Sustainable management of watersheds is of course a key to reducing vulnerability to disasters and I will not raise many eyebrows by stating that promoting effective and equitable management, conservation and sustainable use of natural resources is a key factor in water and poverty alleviation. Enabling local communities to develop natural resources management strategies, to derive benefits from sustainable forest management systems and non-wood forest products will contribute to both enhancing their livelihoods and protecting water resources.

We resolutely support the transition towards Integrated Water Resources Management as a necessary condition for empowering rural communities to unlock the productivity of the agricultural sector, and facilitating the recognition of the contribution of aquatic resources to local and national food and nutrition security and economy and of the multiple roles of agricultural water use.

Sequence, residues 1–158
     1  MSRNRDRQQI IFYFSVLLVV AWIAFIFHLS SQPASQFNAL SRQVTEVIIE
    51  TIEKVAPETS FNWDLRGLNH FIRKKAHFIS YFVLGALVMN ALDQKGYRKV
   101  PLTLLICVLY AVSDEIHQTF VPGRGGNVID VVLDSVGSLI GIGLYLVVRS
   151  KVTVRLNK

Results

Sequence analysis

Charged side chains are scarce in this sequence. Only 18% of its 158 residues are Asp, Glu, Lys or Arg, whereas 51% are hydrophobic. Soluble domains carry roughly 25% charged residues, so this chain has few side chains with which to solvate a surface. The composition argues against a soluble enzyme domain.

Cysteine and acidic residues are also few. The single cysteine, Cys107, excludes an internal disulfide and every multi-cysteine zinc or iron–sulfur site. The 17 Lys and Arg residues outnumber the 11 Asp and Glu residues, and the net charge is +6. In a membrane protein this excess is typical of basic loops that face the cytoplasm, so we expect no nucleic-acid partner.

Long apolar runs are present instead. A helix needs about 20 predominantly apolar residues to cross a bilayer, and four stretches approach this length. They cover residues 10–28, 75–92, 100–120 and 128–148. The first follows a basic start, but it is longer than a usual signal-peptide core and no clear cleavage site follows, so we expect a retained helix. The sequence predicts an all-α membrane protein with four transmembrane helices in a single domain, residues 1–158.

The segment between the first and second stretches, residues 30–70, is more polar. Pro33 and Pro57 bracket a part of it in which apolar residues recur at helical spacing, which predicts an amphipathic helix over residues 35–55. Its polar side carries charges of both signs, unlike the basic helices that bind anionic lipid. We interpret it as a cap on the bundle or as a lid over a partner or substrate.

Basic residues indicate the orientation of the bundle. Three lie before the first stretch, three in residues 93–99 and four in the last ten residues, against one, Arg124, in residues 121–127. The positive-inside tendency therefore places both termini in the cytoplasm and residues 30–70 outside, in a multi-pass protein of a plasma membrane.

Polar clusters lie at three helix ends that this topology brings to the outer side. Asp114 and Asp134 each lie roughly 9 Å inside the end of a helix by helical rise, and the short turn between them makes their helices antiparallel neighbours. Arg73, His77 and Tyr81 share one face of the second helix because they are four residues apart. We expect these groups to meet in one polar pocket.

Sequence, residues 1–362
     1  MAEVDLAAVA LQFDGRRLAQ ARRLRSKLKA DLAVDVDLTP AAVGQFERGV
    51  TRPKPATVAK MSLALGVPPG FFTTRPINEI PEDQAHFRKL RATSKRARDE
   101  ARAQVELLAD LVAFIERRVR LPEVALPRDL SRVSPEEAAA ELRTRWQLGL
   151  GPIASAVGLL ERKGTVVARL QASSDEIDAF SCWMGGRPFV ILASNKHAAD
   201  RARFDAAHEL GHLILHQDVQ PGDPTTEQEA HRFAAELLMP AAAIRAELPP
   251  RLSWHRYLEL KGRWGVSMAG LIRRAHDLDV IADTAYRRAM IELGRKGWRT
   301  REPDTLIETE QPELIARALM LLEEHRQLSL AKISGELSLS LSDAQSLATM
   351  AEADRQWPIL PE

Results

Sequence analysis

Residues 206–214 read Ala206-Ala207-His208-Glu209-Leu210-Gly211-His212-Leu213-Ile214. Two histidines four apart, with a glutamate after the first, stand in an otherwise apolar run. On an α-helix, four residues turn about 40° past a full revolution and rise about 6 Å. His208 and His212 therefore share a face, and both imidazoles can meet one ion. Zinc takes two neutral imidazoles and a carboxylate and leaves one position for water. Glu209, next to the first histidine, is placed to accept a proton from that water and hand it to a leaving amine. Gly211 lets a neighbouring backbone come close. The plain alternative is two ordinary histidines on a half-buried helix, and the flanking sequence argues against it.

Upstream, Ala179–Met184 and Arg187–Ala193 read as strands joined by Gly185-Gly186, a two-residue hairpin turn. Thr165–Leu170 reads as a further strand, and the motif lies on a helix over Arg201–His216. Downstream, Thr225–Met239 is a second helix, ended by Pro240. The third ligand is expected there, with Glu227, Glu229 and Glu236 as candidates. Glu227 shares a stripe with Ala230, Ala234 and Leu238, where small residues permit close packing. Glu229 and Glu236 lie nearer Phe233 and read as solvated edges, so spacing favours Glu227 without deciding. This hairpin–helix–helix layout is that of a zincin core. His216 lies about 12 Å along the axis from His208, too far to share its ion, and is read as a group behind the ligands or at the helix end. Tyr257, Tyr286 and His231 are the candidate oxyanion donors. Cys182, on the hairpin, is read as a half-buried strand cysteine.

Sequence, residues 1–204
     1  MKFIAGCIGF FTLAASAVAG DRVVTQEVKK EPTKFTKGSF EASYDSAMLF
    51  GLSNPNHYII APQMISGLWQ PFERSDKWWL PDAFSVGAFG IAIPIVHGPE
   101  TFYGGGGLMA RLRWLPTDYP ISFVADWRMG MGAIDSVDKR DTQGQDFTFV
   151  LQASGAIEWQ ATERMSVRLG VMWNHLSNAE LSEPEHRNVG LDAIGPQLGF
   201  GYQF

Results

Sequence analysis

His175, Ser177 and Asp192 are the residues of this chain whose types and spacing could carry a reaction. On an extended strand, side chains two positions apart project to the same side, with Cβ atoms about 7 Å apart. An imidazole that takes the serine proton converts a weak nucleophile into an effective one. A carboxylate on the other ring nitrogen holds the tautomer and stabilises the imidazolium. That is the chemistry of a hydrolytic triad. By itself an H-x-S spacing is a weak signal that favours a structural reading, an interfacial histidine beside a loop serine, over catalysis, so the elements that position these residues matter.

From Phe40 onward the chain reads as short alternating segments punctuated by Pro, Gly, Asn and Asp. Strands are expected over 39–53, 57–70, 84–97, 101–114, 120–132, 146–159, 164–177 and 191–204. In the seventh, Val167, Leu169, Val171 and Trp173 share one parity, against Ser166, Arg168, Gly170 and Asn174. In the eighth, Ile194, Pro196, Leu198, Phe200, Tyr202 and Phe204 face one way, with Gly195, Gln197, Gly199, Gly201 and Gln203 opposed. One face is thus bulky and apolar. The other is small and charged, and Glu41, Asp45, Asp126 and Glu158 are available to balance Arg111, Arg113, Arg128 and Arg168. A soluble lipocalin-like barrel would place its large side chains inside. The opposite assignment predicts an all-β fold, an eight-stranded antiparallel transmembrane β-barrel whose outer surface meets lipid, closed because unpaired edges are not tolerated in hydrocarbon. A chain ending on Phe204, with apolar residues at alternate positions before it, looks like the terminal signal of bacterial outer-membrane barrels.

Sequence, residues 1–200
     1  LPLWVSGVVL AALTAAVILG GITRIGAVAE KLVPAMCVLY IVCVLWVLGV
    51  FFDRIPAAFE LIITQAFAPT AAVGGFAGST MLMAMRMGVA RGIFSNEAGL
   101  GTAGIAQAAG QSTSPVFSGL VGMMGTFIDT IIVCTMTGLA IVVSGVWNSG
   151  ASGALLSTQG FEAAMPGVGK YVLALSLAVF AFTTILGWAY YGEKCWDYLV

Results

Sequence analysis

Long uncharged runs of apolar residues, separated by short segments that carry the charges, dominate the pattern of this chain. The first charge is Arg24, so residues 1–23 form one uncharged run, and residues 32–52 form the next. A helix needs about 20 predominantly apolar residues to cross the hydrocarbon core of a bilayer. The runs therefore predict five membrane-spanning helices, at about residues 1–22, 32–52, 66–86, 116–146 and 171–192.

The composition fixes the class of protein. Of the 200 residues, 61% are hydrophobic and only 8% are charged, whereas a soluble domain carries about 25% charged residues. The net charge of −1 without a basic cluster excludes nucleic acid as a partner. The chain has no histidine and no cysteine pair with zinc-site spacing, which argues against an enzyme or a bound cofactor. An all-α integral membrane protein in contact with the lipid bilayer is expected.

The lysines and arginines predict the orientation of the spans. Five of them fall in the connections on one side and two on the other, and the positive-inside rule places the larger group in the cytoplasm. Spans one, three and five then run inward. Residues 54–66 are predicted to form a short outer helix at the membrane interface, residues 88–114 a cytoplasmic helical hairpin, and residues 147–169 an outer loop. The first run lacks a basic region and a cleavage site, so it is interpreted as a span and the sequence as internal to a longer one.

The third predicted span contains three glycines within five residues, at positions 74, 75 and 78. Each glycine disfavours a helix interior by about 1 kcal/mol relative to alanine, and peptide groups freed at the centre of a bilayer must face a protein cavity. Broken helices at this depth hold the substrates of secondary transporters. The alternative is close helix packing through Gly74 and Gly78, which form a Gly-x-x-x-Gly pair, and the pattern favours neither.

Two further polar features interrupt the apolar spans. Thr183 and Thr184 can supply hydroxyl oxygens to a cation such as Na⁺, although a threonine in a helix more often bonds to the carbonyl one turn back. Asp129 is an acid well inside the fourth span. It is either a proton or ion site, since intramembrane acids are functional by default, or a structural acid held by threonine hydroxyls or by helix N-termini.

There is still considerable potential for water harvesting and irrigation development in the region, respectful of the environment. However, economic, social and environmental performance of irrigation needs to be substantially improved for agriculture to negotiate access to water resources in the future, as agriculture alone accounts for 80percent of fresh water withdrawal in the region. The success of irrigation reforms will be assessed by the substance of their achievements, in providing farmers with the service they need, lifting their incomes and safeguarding the aquatic eco-systems. Stable but flexible land and water rights are needed both for sustainable management of the resource and to allow farmers to take advantage of market opportunities.